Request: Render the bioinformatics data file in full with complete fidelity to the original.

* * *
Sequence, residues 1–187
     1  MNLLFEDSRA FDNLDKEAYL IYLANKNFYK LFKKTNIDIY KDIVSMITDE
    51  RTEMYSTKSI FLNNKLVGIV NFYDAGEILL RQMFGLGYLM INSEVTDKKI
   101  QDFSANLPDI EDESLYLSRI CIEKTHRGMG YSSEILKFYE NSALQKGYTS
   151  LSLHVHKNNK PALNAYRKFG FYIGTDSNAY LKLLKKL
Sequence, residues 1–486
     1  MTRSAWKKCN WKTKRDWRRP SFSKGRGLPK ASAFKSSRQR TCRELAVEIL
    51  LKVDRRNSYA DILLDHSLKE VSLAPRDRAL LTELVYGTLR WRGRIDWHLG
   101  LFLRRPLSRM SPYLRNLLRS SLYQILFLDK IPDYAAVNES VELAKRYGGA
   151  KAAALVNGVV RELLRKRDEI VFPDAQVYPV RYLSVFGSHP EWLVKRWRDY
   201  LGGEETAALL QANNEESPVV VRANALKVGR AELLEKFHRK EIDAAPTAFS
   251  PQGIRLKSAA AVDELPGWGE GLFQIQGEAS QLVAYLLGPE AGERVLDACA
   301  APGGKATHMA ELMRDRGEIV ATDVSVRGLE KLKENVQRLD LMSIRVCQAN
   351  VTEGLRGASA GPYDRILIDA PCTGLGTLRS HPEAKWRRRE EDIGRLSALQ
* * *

Sequence, residues 1–187
     1  MNLLFEDSRA FDNLDKEAYL IYLANKNFYK LFKKTNIDIY KDIVSMITDE
    51  RTEMYSTKSI FLNNKLVGIV NFYDAGEILL RQMFGLGYLM INSEVTDKKI
   101  QDFSANLPDI EDESLYLSRI CIEKTHRGMG YSSEILKFYE NSALQKGYTS
   151  LSLHVHKNNK PALNAYRKFG FYIGTDSNAY LKLLKKL
Sequence, residues 1–486
     1  MTRSAWKKCN WKTKRDWRRP SFSKGRGLPK ASAFKSSRQR TCRELAVEIL
    51  LKVDRRNSYA DILLDHSLKE VSLAPRDRAL LTELVYGTLR WRGRIDWHLG
   101  LFLRRPLSRM SPYLRNLLRS SLYQILFLDK IPDYAAVNES VELAKRYGGA
   151  KAAALVNGVV RELLRKRDEI VFPDAQVYPV RYLSVFGSHP EWLVKRWRDY
   201  LGGEETAALL QANNEESPVV VRANALKVGR AELLEKFHRK EIDAAPTAFS
   251  PQGIRLKSAA AVDELPGWGE GLFQIQGEAS QLVAYLLGPE AGERVLDACA
   301  APGGKATHMA ELMRDRGEIV ATDVSVRGLE KLKENVQRLD LMSIRVCQAN
   351  VTEGLRGASA GPYDRILIDA PCTGLGTLRS HPEAKWRRRE EDIGRLSALQ